Hot air

Feature story - 2 December, 2003
Diplomats from world governments are currently meeting for the latest round of negotiations on controlling climate change. The biggest news so far was a statement seeming to rule out Russia from attempts to control climate change. However it is likely the statement by a Russian economic advisor against the Kyoto Protocol on climate change was nothing more than pre-election bluster, ahead of the upcoming Moscow's Duma election. The advisor has a history of bold statements that are later contradicted by official policy.

Walrus on ice floe; Greenpeace tour investigating climate change effects, Chukchi Sea, Alaska.

A Russian economic advisor to President Putin, Andrei Illarionov, had stated today that he believed Russia would not ratify the Kyoto Protocol in its present form, because it placed "significant limitations on the economic growth of Russia".

Alexey Kokorin, the head of WWF's Climate Change program in Russia, said that Illarionov's statement is of a pre-election political manoeuvring and did not hold any weight as to what Russia would actually do.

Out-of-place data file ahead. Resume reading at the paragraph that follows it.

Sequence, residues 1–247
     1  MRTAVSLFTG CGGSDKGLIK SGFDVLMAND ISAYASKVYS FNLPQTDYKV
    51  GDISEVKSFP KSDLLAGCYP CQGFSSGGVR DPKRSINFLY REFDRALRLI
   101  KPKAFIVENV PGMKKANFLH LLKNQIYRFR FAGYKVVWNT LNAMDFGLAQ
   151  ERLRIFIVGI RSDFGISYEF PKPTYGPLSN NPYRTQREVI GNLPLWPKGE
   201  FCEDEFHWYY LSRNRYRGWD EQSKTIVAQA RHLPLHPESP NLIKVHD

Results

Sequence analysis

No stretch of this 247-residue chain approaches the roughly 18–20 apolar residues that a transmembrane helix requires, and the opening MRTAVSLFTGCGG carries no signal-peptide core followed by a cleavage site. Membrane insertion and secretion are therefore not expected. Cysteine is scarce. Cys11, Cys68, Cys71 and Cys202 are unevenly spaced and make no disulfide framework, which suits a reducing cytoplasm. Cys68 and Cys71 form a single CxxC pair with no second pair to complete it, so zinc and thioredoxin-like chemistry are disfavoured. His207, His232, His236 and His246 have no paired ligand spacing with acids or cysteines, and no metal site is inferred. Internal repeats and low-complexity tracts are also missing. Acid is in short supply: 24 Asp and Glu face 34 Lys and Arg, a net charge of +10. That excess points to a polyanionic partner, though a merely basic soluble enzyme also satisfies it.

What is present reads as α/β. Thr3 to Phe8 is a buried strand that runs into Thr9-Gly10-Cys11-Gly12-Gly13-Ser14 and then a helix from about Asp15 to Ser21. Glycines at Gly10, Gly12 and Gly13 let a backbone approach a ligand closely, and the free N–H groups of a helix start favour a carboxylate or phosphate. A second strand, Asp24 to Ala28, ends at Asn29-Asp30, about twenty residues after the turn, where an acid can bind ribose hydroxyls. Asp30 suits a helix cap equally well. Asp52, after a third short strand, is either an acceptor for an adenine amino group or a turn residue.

"Illarionov does not speak for the President or the Russian Government," said Kokorin. "This is just the latest statement in a long line of predictions by Illarionov which have failed to eventuate. He opposed the Russian energy strategy which was then adopted in May 2003, and he poured cold water on the economic plan for GDP growth, which was also later adopted."

"While Illarionov's opinion will sound like music to the ears of the US administration, it's far too early to be reading the funeral notice of the Kyoto Protocol," said Steven Guilbeault, our Climate Campaigner.

"The person who speaks for Russia is Vladimir Putin and not some bureaucrat. President Putin has made numerous statements in the past few months, reaffirming Russia would ratify."